Procedures and Event Handlers
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Procedures: subs and functions
Tibbo BASIC offers two kinds of procedures: subs, which are procedures that do not return a value (directly), and functions, which are procedures that do return a value.
Both subs and functions can have arguments.
The parallel structures in Tibbo C are a void function and a non-void function.
You must always specify the return type for the function. We do not allow omitting this.
Notice how the BASIC function returns the value: a function named sum_total will have a local automatically created variable with the same name.
Set this variable to the desired return value.
Procedures must be defined or declared before use
In Tibbo BASIC/C procedures must be defined or declared before they are used.
Procedure definition is its body. Place the body above the first call to this procedure, and there is no need for a declaration:
If a procedure is called first and defined later, place a declaration before the first call:
As each source code (and HTML file) is compiled separately, it is necessary to declare procedures defined in other files before they can be called:
Such declarations are usually placed in header files — .TPH for Tibbo BASIC and .TH for Tibbo C.
Header files must be included into your source code file, it's not enough to simply have them in the project tree:
Event handlers are subs in Tibbo BASIC and void functions in Tibbo C.
These require no declaration because they are already declared in platform files.
Whenever the VM gets to handling a certain event, it calls the corresponding event handler for this event, provided such handler exists in your code.
How do you tell if a procedure is an event handler or not? Names of event handlers are highlighted in green.
Additionally, all event handler names start with on_, which means on x happening, do....
The list of available events can be found in the Project Browser pane: View > Project-Browser -> Events.
Inactive events (those with no event handlers) are grayed. Double-click on an inactive event to add its event handler to the bottom of the current file.
Double-click on an active event to "teleport" to this event handler's body.
Events are actually a part of platform objects, the subject of the Objects and Syscalls section.
Direct argument passing
In Tibbo BASIC procedure arguments can be passed by value (ByVal) or by reference (ByRef). ByVal is the default mode, so you don't have to specify it.
ByVal argument passes a copy of the value. If the procedure called modifies this value then only that copy is modified and the original instance stays the same.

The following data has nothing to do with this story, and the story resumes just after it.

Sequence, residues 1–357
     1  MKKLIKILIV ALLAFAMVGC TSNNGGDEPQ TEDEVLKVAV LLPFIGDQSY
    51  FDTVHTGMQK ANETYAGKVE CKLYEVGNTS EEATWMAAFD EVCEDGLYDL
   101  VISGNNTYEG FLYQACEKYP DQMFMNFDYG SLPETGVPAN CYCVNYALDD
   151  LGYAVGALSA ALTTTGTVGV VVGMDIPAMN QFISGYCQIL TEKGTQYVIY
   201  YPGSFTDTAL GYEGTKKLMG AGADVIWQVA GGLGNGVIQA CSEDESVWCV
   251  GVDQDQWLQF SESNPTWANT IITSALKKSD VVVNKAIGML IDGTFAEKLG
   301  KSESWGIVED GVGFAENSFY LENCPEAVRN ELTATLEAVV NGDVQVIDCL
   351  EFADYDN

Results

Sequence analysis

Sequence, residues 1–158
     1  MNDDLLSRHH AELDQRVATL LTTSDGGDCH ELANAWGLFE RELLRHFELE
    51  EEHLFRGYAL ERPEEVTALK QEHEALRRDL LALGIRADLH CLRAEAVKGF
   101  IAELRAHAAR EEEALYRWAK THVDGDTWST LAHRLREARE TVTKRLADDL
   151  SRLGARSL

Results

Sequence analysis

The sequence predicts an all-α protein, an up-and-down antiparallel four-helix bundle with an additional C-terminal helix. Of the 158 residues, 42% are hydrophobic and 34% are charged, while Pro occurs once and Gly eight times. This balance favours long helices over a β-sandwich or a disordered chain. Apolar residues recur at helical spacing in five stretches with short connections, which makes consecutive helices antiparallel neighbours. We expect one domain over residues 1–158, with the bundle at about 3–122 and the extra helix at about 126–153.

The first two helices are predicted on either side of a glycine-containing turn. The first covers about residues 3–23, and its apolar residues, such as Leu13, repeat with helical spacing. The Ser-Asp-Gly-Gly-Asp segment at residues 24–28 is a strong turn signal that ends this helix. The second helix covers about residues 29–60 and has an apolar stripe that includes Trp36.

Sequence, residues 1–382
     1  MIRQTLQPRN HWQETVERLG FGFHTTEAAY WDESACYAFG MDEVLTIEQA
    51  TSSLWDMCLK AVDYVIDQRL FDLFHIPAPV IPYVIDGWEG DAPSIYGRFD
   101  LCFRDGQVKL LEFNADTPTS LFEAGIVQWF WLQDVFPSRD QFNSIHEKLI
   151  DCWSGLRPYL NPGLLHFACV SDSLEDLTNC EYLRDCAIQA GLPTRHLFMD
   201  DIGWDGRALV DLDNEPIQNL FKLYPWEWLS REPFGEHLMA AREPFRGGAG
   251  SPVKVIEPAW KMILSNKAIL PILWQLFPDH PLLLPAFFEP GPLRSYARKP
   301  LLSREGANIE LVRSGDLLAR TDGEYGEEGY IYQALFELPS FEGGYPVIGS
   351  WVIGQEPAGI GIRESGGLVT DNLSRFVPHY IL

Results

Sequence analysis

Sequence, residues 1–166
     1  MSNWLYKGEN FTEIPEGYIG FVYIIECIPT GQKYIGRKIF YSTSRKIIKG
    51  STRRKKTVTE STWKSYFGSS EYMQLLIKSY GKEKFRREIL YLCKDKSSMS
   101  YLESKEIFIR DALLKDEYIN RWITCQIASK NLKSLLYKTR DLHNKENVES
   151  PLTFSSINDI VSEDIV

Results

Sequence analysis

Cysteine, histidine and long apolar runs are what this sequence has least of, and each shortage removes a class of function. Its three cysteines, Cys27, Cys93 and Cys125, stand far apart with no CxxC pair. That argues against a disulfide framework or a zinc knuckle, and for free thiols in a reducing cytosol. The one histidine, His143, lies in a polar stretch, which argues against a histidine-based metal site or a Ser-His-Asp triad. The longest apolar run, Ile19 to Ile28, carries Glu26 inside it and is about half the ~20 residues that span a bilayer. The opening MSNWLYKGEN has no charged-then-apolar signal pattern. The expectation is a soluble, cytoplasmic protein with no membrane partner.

The equivalent of this in the C world is passing an argument and not a pointer to this argument.
In Tibbo BASIC and C even "bulky" items can be passed directly.
For Tibbo BASIC such bulky items are string variables and types (structures). For Tibbo C these are string variables, arrays, structures, and unions.
Have you noticed? Arrays are not listed for BASIC! In Tibbo BASIC it's not possible to pass an array to a sub/function or return an array from a function.
Here is an example of a function that increments each member of an array and then returns the array back.
Since arrays cannot be passed to/from BASIC procedures, the BASIC code example below wraps an array into a type.
Notice a very interesting syntax that is used to specify that the C functions returns an array.
Indirect argument passing
In Tibbo BASIC, a ByRef argument passes a reference to the value. If the procedure called modifies this argument then the original instance gets modified.
This is roughly equivalent to using a pointer in C, except the pointer itself is not available to the BASIC code and can't be modified by it.
ByRef argument passing in BASIC and pointers in C are recommended for bulky types. This saves memory and improves the performance.
ByRef/pointers can also be used to indirectly return a value from a procedure (void function).
Here is the previous array increment example, now rewritten to use a ByRef argument and a pointer. It is much more efficient as no unnecessary copying takes place.
Tibbo BASIC and C will never automatically switch to using the ByRef (pointer) method instead of passing the value itself.
Some languages practice automatic switching whenever there is a bulky item to pass.
For example, there are systems that won't pass a structure directly and won't tell you about the substitution that took place.
We consider this to be extremely misleading. In Tibbo BASIC (and C) "what you define is what you get".
No recursion, reentrant code, or function pointers
Tibbo BASIC and Tibbo C do not allow recursion. Meaning: procedures cannot call themselves (even indirectly).
It is also not possible to create re-entrant functions.
Additionally, pointers to functions are not allowed in Tibbo C.
All of this has to do to how the memory is allocated for procedures.